Trade union Solidarity today announced that in terms of a ruling by the Commission for Conciliation, Mediation and Arbitration (CCMA), it is in fact entitled to apply for recognition as a trade union within the South African Police Service (SAPS). This followed after five parties had raised their views to prevent Solidarity from organising within the SAPS.
Solidarity’s argument that the recent changes in legislation should particularly benefit minority trade unions prevented from organising among their members due to high threshold agreements, was accepted by CCMA Commissioner James Matshekga. The arguments put forward by Police and Prisons Civil Rights Union (POPCRU) and supported by the South African Policing Union (SAPU), the SAPD, the Safety and Security Sectoral Bargaining Council (SSSBC) as well as the Public Service Co-ordinating Bargaining Council (PSCBC) were rejected by Matshekga.
According to Anton van der Bijl, head of Solidarity’s Centre for Fair Labour Practices, this ruling underlines the fact that a minority trade union not achieving the threshold for recognition may still apply for organisational rights if it is able to prove that it is serving a significant interest. “Solidarity protects various issues of significant importance to our members; issues that majority trade unions pay no attention to. For example, majority trade unions in the SAPS actively litigate against Solidarity in cases that involve the application of affirmative action in the SAPS – cases in which Solidarity protects the rights of minority groups that often suffer serious injustices due to unfair affirmative action measures in the SAPS,” Van der Bijl explained.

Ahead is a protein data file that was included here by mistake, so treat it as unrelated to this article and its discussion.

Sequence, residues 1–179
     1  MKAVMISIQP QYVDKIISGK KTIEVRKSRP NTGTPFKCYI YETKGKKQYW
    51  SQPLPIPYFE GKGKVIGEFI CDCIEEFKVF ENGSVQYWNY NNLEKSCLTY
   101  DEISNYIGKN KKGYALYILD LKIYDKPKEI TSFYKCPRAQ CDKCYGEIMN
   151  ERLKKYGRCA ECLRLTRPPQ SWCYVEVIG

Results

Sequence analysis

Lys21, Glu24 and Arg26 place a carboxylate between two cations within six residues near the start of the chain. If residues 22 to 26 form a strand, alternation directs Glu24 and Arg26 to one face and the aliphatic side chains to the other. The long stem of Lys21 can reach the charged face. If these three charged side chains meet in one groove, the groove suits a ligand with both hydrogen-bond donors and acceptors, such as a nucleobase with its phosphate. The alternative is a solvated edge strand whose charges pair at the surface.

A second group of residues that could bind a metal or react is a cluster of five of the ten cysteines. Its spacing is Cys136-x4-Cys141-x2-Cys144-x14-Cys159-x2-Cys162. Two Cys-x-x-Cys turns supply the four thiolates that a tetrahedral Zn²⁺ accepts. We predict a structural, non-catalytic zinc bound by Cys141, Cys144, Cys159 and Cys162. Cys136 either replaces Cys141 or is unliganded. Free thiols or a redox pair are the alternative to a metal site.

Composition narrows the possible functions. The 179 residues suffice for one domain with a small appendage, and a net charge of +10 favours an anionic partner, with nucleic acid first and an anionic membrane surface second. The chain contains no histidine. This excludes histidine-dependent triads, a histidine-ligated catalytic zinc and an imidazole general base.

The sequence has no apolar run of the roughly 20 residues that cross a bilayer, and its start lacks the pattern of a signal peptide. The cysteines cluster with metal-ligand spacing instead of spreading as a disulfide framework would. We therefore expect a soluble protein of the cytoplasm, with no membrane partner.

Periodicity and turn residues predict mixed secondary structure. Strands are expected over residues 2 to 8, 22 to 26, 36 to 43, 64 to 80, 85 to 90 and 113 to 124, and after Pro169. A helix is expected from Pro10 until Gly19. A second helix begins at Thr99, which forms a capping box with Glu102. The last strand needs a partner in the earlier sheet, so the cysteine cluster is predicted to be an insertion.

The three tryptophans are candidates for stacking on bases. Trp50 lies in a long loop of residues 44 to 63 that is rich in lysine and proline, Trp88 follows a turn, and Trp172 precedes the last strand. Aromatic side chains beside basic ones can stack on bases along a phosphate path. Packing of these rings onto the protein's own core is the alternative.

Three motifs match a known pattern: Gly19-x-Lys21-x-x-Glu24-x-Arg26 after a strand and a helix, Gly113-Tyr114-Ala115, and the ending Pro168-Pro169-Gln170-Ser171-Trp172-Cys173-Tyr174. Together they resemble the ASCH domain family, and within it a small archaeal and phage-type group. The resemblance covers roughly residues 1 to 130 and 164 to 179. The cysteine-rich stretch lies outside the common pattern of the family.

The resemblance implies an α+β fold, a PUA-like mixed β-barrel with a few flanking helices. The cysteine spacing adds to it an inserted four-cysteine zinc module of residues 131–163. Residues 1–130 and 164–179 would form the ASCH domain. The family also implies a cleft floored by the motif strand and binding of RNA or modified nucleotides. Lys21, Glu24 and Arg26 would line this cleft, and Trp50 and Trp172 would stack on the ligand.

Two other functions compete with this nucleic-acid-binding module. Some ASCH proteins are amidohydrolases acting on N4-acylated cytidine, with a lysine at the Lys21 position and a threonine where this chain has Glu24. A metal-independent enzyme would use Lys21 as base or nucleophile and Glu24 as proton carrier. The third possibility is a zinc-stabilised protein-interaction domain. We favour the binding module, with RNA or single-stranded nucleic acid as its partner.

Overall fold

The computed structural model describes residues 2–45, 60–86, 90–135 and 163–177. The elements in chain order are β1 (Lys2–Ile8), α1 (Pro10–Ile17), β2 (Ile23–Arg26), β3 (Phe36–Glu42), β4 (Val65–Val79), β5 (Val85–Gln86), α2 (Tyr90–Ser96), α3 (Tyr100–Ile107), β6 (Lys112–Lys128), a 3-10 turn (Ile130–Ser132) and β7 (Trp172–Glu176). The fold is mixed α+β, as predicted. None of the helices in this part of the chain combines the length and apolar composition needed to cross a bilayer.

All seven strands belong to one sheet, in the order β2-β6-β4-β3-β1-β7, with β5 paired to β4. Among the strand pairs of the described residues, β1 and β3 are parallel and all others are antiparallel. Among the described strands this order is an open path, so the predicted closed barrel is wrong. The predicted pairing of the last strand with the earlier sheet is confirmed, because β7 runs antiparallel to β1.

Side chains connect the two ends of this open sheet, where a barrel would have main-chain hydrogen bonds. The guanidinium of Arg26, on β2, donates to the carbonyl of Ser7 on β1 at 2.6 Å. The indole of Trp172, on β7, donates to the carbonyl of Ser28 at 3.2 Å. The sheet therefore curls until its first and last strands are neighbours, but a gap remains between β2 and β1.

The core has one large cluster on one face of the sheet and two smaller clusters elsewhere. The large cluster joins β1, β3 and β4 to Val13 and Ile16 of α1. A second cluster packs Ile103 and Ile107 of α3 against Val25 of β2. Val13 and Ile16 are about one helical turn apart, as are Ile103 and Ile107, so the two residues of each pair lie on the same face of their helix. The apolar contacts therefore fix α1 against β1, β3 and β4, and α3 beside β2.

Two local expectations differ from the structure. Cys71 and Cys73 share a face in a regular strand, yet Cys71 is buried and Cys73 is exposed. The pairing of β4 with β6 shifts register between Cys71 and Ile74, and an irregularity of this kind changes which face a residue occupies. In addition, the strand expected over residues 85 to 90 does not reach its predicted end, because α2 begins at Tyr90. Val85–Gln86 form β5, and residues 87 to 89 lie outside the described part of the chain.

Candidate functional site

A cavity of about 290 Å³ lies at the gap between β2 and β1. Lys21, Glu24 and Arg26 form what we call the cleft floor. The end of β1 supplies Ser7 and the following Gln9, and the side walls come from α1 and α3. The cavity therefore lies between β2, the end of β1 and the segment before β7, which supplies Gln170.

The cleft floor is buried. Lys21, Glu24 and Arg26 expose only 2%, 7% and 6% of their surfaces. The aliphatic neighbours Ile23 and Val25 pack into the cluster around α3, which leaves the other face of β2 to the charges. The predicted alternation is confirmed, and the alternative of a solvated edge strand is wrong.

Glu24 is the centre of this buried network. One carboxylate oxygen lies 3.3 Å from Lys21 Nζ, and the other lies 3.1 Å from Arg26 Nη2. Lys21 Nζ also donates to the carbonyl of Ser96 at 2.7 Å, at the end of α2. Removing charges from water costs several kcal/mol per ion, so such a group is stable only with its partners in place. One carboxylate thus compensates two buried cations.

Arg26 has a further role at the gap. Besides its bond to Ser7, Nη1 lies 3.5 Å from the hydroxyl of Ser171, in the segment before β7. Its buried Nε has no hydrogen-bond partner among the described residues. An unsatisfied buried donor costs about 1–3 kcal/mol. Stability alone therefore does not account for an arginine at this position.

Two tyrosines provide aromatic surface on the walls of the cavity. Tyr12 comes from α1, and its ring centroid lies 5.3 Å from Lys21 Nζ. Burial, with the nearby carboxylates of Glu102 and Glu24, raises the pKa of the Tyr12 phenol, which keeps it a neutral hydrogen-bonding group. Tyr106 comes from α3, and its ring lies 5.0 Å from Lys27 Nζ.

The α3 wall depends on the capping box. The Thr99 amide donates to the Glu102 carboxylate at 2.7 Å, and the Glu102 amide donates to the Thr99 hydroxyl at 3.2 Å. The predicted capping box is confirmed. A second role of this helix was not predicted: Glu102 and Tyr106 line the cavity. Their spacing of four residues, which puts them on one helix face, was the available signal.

Van der Bijl declared that Solidarity was looking forward to the arbitration on the application for recognition. In terms of the ruling, the application must be scheduled as soon as possible. “We are excited to be able to open the door for minority rights in a suffocating and merciless majority environment,” Van der Bijl explained.